Use the Shoe Liner Test to confirm that your footwear selection will indeed support the true shape of your foot in its optimal, splayed-toe configuration.
Exercise great discipline by using only foot-shaped footwear (as much as possible) for the rest of your life. Most people find that, once they make the switch to sufficiently wide toe box footwear, they have little desire to revert to the tapering toe boxes of conventional footwear.
If you have kids, you are in the best possible position to give them the gift of lifelong foot health (or at least a really great start in life in terms of their foot form and function). This video goes into greater detail about how to choose foot-healthy shoes for kids.
When it comes to bunions, the simplest and most effective approach is always to prevent them from occurring in the first place. However, most people only discover later in life, after a bunion has already formed, that this foot problem can be easily avoided. It's an unfortunate scenario, but it is exceedingly common. And so, the question then becomes: What can be done to help reverse an existing bunion and achieve a more optimal toe alignment and foot configuration?
In our experience, we have found the following five steps to be very helpful in addressing an existing bunion (regardless of the stage of bunion development) and rehabilitating the feet and toes:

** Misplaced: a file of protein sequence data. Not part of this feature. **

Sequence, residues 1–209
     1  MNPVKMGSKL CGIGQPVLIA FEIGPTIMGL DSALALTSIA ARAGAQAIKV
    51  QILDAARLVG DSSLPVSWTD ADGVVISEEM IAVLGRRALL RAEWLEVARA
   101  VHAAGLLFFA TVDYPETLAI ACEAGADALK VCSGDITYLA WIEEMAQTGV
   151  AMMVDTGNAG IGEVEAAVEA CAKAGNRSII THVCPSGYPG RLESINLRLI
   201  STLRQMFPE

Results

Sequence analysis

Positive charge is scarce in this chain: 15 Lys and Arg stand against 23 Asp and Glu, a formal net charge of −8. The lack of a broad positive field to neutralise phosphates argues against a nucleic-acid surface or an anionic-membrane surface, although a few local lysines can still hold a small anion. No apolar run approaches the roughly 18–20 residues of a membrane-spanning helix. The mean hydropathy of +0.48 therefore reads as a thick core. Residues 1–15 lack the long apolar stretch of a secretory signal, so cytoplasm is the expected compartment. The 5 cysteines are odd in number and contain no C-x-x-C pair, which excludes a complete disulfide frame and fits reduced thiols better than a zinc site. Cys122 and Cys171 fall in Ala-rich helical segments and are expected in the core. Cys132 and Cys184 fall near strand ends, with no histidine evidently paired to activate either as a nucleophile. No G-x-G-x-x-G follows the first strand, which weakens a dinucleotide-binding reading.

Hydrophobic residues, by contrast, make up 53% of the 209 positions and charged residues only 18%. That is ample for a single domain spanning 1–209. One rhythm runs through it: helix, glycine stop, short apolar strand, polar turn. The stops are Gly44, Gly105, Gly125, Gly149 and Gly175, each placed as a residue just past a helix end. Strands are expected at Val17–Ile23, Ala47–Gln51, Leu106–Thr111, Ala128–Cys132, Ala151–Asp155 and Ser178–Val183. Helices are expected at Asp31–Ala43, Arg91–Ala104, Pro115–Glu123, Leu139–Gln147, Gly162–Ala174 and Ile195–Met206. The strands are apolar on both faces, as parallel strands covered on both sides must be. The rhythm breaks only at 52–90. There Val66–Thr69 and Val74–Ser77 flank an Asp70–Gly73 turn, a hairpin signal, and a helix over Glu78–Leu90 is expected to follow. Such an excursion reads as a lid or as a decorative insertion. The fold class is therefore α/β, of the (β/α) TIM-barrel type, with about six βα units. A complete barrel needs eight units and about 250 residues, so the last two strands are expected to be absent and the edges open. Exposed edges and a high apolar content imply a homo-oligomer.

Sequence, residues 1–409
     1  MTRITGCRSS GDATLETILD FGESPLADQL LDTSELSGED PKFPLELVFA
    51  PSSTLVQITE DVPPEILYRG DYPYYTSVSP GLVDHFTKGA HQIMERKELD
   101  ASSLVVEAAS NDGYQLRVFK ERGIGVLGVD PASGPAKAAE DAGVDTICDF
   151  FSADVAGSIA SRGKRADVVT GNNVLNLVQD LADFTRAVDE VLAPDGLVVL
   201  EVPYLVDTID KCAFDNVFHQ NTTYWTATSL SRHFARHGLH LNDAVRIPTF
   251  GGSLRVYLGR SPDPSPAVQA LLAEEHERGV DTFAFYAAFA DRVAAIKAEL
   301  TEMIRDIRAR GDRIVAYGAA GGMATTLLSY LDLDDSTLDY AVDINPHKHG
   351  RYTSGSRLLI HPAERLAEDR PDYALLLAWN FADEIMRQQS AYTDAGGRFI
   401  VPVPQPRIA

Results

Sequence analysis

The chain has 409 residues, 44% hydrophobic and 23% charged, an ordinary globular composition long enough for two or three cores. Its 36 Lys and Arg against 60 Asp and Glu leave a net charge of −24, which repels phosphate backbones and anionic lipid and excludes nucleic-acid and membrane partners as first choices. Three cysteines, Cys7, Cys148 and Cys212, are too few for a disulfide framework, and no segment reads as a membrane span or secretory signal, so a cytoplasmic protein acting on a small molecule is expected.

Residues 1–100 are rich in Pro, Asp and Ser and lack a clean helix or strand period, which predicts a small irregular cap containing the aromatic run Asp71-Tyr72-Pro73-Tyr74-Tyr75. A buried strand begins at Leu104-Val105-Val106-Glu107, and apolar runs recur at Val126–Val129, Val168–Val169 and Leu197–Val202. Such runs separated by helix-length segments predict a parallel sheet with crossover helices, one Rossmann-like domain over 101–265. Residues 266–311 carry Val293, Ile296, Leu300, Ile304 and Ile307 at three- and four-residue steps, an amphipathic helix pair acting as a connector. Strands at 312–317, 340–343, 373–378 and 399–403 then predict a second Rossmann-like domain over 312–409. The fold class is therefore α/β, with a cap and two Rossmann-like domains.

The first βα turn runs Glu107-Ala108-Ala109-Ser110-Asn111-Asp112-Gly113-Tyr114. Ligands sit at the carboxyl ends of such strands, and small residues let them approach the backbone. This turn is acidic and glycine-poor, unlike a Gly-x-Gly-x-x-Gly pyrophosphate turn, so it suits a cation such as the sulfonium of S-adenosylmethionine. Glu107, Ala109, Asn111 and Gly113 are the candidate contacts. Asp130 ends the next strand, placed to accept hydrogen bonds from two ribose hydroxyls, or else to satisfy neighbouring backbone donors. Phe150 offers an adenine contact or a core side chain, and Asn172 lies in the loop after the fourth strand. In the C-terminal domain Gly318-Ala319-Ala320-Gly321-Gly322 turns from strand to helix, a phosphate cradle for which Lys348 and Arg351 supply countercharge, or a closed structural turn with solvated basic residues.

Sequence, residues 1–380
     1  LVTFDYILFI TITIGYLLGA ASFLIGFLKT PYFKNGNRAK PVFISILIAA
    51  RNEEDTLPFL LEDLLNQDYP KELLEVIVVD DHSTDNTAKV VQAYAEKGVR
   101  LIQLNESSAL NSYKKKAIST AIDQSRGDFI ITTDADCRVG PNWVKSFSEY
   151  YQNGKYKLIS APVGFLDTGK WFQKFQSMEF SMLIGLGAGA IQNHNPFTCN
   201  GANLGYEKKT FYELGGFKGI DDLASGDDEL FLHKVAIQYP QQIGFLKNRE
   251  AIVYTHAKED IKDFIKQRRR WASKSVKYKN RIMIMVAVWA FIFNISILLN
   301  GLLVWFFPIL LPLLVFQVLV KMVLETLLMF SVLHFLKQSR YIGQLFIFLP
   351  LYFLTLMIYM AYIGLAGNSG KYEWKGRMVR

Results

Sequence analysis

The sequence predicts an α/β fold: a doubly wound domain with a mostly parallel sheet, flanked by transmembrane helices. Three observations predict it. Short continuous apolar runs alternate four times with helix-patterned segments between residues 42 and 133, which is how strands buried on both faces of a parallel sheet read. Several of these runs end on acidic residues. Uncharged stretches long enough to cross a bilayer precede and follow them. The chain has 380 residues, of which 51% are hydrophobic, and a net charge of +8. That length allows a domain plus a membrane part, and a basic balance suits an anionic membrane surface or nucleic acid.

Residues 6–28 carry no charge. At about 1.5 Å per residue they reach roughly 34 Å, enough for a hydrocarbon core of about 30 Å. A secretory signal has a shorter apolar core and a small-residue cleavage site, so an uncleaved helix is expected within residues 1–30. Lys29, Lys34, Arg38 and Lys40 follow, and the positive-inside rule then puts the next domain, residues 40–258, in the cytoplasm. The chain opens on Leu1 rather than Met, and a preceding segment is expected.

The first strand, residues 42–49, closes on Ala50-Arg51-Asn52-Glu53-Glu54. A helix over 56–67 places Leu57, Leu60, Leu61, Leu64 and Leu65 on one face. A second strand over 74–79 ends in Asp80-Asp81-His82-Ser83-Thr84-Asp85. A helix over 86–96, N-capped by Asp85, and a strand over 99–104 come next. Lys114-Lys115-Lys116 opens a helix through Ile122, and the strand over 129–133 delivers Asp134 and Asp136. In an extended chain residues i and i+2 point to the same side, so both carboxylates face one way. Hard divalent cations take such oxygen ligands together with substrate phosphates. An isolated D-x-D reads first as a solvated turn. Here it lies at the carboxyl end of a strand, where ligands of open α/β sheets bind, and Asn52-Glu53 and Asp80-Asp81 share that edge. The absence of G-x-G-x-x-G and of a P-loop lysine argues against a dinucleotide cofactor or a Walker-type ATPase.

Select and adopt footwear that passes the Shoe Liner Test. In order to reverse your bunion deformity, your shoes, boots, sandals, and other footwear must be widest at the ends of your toes. Footwear that's touted as “wide” may not be sufficiently wide where you need the width the most (i.e., at the tips of your toes), so bear that in mind when shoe shopping.
Wear Correct Toes toe spacers on a daily basis, especially when weight bearing, to help gently shift your toes (including your big toe) back in line with their corresponding metatarsal bones. You can increase the degree of toe splay offered by Correct Toes over time by either sizing up (if applicable) or performing a few key customizations to the device. Other footgear that can be helpful in addressing an existing bunion includes Injinji toe socks and Pedag metatarsal pads or Strutz foot pads.
Accept that natural approaches to bunion correction will take some time. Remember, your bunion did not form overnight, and so too will it require some time to restore optimal big toe orientation.
Document your progress by snapping a picture of your foot and bunion (from above, while standing) before you begin your bunion reversal program. Sometimes it may tough to assess the degree of change in your big toe angle, but having images to look back on should illuminate just how far you've come if you've been disciplined in applying the above strategies. Use a consistent background/surface for your images so that you can better assess the changes that have occurred.